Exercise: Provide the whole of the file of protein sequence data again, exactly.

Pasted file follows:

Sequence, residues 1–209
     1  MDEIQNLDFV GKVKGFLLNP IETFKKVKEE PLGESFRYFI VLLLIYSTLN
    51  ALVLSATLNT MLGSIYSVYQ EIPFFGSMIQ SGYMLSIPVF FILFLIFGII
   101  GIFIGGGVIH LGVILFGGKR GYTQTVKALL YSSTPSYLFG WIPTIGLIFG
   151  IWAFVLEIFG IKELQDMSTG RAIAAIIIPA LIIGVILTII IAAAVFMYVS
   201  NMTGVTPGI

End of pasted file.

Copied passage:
Sequence, residues 1–209
     1  MDEIQNLDFV GKVKGFLLNP IETFKKVKEE PLGESFRYFI VLLLIYSTLN
    51  ALVLSATLNT MLGSIYSVYQ EIPFFGSMIQ SGYMLSIPVF FILFLIFGII
   101  GIFIGGGVIH LGVILFGGKR GYTQTVKALL YSSTPSYLFG WIPTIGLIFG
   151  IWAFVLEIFG IKELQDMSTG RAIAAIIIPA LIIGVILTII IAAAVFMYVS
   201  NMTGVTPGI